Two Stung Treng province lieutenant police commanders were arrested in connection with drug trafficking after an early September raid on their homes found 500 grams of methamphetamine, officials have told the Post.
Chou Pi Chhoura, chief of Stung Treng Penal Police Office and top provincial anti-drug-trafficking official said on September 28 that Lao Sokeat, 49, lieutenant police commander and chief of intelligence police in the northeast, and Leong Monirak, 40, also a lieutenant commander were sent to the provincial prison on September 13.
He said that anti-drug-trafficking police arrested Sokeat and Monirak on September 11 after weeks of surveillance. Pi Chhoura said the two men confessed that the methamphetamine was received from an unnamed Laotian man at the border.
"I think that the police connection with the drug trafficking will not affect the dignity of police as a whole because they were not on duty and it was for individual benefit," Chhoura said. "But if there are many police officials connected with drug trafficking, and the situation becomes out of control, then it would be dangerous to society."
Chhoura said that a navy police official based in Stung Treng was also found with illegal drugs but escaped into the jungle when the anti-trafficking squad went to arrest him on June 28. As he fled ahead of the manhunt, Chhoura said the man discarded 1,773 pills of methamphetamines and deserted his motorbike.
Sim Sophal, deputy secretary general of the National Police, said at a meeting with municipal and provincial police chiefs on September 7 that many provincial police chiefs are unaware of the widespread trafficking of drugs in areas under their control.
He specifically referred to an incident in Banteay Meanchey province in which two police officers were caught stealing drugs after they confiscated them. He did not identify them by name.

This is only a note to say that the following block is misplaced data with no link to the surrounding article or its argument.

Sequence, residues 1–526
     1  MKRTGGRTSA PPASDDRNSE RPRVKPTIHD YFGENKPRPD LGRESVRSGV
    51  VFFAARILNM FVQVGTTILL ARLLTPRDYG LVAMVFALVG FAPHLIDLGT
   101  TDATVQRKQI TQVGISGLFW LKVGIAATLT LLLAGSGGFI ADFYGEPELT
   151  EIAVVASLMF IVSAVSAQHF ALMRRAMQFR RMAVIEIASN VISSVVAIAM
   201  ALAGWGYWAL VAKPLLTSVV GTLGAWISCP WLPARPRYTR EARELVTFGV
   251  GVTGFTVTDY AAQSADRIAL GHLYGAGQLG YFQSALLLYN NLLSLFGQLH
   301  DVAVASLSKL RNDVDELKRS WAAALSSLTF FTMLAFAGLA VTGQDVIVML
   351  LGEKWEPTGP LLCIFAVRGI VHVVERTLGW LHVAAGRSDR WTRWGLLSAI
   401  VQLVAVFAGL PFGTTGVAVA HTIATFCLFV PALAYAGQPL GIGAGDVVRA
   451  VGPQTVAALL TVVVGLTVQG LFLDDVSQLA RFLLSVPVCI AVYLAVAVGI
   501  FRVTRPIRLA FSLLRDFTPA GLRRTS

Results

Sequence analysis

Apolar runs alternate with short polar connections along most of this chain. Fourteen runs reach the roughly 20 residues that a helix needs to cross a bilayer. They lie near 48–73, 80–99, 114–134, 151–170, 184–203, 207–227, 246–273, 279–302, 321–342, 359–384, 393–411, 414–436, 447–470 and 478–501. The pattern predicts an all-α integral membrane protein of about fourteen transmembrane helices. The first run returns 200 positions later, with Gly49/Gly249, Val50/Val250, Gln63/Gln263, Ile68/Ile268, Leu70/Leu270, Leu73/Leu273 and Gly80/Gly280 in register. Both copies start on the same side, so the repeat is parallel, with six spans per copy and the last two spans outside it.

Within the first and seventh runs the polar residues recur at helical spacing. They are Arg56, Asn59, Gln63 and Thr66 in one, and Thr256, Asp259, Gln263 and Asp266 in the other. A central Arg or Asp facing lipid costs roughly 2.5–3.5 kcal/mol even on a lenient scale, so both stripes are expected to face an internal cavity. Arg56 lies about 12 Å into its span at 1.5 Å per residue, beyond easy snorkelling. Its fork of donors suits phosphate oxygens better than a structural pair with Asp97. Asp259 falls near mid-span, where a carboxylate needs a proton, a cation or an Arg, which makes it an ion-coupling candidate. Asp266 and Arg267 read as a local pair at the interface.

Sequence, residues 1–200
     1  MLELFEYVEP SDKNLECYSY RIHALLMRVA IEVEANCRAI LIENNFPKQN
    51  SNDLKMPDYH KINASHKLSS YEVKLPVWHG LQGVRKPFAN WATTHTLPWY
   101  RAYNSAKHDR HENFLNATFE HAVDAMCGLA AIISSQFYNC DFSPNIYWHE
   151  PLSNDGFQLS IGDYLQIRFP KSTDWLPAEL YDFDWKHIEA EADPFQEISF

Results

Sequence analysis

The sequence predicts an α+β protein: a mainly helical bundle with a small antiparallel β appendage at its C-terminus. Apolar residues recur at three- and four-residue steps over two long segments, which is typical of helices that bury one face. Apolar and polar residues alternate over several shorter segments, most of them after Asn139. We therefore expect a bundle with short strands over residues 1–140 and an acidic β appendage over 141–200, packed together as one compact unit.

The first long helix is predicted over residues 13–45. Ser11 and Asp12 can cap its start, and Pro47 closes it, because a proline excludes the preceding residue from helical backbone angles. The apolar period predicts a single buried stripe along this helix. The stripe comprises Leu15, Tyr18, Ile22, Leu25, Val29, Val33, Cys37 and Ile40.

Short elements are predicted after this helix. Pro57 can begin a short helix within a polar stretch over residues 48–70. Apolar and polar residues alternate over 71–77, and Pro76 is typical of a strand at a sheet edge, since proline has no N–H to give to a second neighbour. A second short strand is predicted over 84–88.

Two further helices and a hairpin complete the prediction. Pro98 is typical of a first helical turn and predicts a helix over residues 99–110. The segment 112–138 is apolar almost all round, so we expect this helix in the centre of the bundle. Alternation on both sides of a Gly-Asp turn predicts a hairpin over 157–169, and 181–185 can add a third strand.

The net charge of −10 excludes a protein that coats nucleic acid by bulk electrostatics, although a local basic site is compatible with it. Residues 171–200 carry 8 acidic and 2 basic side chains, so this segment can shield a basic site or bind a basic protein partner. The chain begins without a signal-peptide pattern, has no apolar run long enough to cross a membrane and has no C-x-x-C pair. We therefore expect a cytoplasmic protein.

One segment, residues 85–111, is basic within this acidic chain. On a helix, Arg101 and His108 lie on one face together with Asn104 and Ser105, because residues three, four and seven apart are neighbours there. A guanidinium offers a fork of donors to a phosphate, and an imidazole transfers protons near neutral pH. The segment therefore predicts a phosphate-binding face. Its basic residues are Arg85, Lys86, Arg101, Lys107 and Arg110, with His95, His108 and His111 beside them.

"Two police officials were caught stealing drugs and replacing them with white flour," Sophal said. "Then they tried to put the blame on each other."
He said that six police officials in Battambang province were also connected with narcotics cases being investigated by the provincial court.
"Drugs are now widespread everywhere in the public areas of the municipalities and provinces, but you [police] don't see it and fail to report to the ministry," Sophal said.
Lour Ramin, secretary general of the National Authority for Combating Drugs (NACD), told the Post on September 28 that he agreed with the criticism by his colleague, but that the cases linking police officers to drug trafficking were not connected.
He said that those found guilty would be punished, expelled from government positions or jailed in accordance with the level of their crime.
He said police still lack knowledge about the laws on drugs and basic training about how to implement them.
Akira Fujino, representative of the United Nations Office on Drugs and Crime for East Asia and the Pacific, told the Post by e-mail that Cambodian law enforcement institutions often lack sufficient technical capacity as well as resources.
"Weakness in drug control laws, and reportedly corruption, have hampered effective law enforcement. While a new drug control law has just been enacted, its full implementation is now required," Fujino said.
But Ramin said a recent NACD report on drug activity during the first nine months of 2006 showed that the situation of drugs trafficking and law enforcement has improved from 2005.